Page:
This is also weird but I think my body image has actually improved. (My worry had always been more about my own body image — not at all about what my partner was attracted to.) I have had steady weight gain over the past twenty years but, while I still have moments of feeling self-conscious, I have just decided to not worry about it, or even really try to change it anymore. Now, I am much more comfortable lying in bed completely naked when previously I would want to cover up with a sheet or something. 

What about sex?
My partner is very open and listens to me whenever I want to talk about this. Interestingly, he reports that my body (specifically the inside of my vagina) feels different to him during sex — and that this is a good thing. I am not sure what that is about but it seems like something has moved, or changed, in a way that is good. I don’t feel that difference from my end.

I waited until my mid-40s to purchase my first sex toy, and I think it has made a dramatic difference in helping me with perimenopause. It is an external stimulator that is truly amazing. I had never really been into masterbation much — probably a combination of shame from my childhood and also the societal message that I needed someone else in order to feel good in that way — but now I am able to control when and how I have orgasms, and I think the frequency of these has been incredibly helpful for my perimenopause symptoms. My partner is totally in favor of this new “hobby” and finds it attractive and healthy. I wish I would have bought one in my 20s.

What has surprised you about this experience? What do you wish someone had told you?
Another thing I had never used until my mid-40s was weed. I started to self treat my emotional issues with a microdose of indica combined with CBD (gummies): Lume, Ripple, in powdered form, and Colorado’s Mountain High gummies, which were the best ones I ever had but have not been able to find them since. This was very helpful and I can’t believe I waited so long to use it. I have rarely taken an amount that makes me feel “high” but instead have noticed reduced anxiety and improved sleep/relaxation. I wish I would have started that a long time ago. I think it is funny that sex toys and weed have been my most effective “treatment” of perimenopause symptoms, but it’s absolutely true.  

Any other resources to recommend?
I really enjoyed the book What Fresh Hell Is This. In the book, they mentioned THC-infused lubricant, but I have not been able to find it at any dispensaries. (I did try to make my own with THC tincture and coconut oil, but it did not work.)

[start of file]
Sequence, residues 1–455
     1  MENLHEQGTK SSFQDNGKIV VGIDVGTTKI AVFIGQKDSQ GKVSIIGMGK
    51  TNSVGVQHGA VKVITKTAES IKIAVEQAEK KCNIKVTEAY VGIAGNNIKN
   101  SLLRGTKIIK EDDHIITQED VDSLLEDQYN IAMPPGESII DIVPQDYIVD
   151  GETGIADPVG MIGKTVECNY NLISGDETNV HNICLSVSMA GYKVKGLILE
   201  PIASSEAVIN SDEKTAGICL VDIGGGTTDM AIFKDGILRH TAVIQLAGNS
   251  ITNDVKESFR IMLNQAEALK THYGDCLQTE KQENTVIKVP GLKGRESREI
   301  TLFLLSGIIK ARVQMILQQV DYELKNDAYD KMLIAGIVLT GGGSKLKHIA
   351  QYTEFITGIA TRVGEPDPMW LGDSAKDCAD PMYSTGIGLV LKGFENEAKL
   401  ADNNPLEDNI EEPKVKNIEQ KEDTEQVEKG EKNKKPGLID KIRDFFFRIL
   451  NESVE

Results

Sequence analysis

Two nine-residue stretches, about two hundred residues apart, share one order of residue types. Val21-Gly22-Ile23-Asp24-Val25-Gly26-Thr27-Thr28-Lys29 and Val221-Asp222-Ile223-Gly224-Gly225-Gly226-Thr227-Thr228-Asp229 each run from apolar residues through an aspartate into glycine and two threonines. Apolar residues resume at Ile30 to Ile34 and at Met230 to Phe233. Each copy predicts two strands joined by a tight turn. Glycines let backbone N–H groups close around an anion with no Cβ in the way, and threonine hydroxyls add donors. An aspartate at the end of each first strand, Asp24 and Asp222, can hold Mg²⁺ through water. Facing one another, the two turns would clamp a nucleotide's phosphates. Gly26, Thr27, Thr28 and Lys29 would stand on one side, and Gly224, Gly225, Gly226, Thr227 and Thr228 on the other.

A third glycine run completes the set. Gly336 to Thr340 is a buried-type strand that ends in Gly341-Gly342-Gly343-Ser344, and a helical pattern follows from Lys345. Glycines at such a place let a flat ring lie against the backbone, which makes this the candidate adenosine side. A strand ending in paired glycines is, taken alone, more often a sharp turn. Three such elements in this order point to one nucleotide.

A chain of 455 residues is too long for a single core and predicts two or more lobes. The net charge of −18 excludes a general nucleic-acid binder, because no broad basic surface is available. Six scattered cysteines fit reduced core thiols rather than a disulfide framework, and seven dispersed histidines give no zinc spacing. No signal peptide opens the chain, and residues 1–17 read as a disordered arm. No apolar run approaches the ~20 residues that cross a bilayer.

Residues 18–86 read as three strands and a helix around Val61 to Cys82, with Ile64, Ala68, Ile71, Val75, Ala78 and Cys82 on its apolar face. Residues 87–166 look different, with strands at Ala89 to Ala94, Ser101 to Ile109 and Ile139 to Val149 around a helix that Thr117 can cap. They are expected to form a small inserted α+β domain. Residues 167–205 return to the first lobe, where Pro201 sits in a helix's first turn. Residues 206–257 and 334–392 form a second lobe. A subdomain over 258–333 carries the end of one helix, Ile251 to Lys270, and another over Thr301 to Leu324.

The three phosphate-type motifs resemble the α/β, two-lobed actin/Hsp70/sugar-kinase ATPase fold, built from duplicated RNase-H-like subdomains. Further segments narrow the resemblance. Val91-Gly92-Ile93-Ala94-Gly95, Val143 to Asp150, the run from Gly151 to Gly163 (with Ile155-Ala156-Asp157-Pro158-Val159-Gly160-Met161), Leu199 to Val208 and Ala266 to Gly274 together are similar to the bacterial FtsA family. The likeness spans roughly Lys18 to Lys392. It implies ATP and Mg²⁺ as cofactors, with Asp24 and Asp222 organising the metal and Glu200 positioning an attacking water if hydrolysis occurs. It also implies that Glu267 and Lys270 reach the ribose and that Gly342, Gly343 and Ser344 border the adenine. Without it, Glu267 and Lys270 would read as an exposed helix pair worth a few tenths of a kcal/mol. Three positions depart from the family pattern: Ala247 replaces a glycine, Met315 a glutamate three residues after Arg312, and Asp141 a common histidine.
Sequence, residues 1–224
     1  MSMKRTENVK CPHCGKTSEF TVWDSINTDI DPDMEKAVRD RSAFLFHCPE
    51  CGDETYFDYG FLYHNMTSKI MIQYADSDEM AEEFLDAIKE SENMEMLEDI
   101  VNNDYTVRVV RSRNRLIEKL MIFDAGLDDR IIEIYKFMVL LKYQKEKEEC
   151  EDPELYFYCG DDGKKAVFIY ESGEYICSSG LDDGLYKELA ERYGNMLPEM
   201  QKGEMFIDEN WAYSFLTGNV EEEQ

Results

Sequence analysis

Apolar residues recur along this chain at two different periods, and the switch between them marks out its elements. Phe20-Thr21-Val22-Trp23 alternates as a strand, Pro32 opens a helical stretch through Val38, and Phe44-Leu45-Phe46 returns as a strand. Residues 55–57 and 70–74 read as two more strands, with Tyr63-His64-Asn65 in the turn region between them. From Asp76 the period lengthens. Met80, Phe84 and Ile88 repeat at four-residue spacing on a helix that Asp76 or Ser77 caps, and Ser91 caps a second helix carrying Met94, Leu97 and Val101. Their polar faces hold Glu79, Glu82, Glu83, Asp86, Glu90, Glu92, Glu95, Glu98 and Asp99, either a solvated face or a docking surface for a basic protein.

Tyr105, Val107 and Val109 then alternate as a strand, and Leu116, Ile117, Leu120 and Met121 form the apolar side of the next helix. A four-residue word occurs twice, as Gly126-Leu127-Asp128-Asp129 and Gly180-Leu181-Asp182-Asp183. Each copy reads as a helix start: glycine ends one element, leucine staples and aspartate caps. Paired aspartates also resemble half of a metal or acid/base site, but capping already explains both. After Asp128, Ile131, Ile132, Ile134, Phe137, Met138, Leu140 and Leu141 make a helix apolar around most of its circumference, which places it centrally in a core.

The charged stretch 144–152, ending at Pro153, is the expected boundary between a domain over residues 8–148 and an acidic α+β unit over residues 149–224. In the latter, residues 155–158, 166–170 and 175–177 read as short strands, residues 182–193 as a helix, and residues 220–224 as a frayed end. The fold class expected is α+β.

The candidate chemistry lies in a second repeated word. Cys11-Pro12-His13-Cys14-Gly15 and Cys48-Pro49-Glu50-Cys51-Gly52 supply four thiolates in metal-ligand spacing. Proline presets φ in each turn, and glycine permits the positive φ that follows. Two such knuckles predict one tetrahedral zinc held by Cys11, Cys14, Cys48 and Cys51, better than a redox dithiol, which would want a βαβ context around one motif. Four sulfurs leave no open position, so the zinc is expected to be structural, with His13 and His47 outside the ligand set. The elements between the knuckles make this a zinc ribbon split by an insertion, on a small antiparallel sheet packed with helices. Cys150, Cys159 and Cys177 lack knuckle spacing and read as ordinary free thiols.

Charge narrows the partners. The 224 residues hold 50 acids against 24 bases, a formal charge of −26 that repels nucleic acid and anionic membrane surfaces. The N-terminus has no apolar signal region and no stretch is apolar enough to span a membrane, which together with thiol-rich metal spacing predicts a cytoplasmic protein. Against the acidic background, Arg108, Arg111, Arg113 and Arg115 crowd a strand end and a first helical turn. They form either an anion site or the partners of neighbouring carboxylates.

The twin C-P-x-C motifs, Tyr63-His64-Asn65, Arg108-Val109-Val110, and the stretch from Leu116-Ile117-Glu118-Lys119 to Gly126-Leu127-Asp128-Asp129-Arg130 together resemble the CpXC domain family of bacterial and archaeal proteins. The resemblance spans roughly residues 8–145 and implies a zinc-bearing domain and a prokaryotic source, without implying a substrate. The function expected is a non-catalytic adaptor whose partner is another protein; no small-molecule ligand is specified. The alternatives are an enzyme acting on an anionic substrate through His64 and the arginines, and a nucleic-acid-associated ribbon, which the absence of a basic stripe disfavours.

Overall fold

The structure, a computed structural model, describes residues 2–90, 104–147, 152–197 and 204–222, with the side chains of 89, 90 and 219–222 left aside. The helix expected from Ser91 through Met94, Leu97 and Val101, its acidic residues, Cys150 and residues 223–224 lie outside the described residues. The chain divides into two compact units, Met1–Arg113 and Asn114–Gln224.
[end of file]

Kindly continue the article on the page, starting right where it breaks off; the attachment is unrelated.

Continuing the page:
What are you learning about yourself? 
I am craving more connection and knowledge about these changes from women who have experienced it before me. For that reason, I am really glad you are doing this project. Once I hit menopause, I hope to have some kind of a ritual with friends to mark the era and celebrate. 

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This same time, years previous: introducing how we homeschool: a series, my new kitchen: the island, the quotidian (11.12.18), George Washington Carver sweet potato soup with peanut butter and ginger, butternut squash galette with caramelized onions and goat cheese, refrigerator bran muffins.

6 Comments

  • Lissa

    Where was this thread 20 years ago!! I’m 66 now and to my recollection my menopause was in my mid 40s. I mostly remember the perimenopause changes in my once regular period. I used to be 7 days of a bell shaped flow curved. Poof—days of flooding through 2 tampons in an hour. Periods were never a big deal me, but suddenly I felt vulnerable with my body being so unpredictable. Happily I never really had “hot flashes”, but was aware I got hot more easily and turtlenecks were never to be worn items. I had friends who woke up sweating through their nighties in the night and had to change their clothes and their sheets. I think I mostly felt thankful that I didn’t have that going on. My mom had a hysterectomy and early menopause at 32 so her experience was obviously not relevant. By my late 50s the much lower sex drive was quite apparent. In fact, the memories of the crazy passion of the fertile years feel rather humorous now. Coitus is a rather strange act and wanting to do it all the time feels rather odd now that hormones are not there. Defining perimenopause as reverse puberty is a useful (to me) way to look at it. Instead of the breasts getting bigger, they are sagging lower 🙂

  • Candi R.

    Jennifer, thank you so much for compiling these testimonies of the stages of menopause. I feel like I’m going through my own rollercoaster of hormones and emotions as my second toddler is still breastfeeding. My emotions swing like crazy, migraines and headaches nearly daily, hot flashes at night, sex drive in the ditch, and deep loneliness being a stay at home mom of two toddlers. It’s wonderful to read candid stories about other women’s experiences with their hormone fluctuations. From the time we’re born until death our hormones play conductor inside creating a symphony of chaos and balance.

  • Lana

    ‘What You Doctor May Not Tell You About Menopause’ by Dr John R Lee and his recommendation of natural progesterone cream will change your life.

  • MB

    Jennifer- thank you so much for these posts! I showed them to my husband to say “look, not only am I not going crazy, I’m not alone!” We both feel much better about this whole process, realizing that it’s a normal (if wacky) part of being female!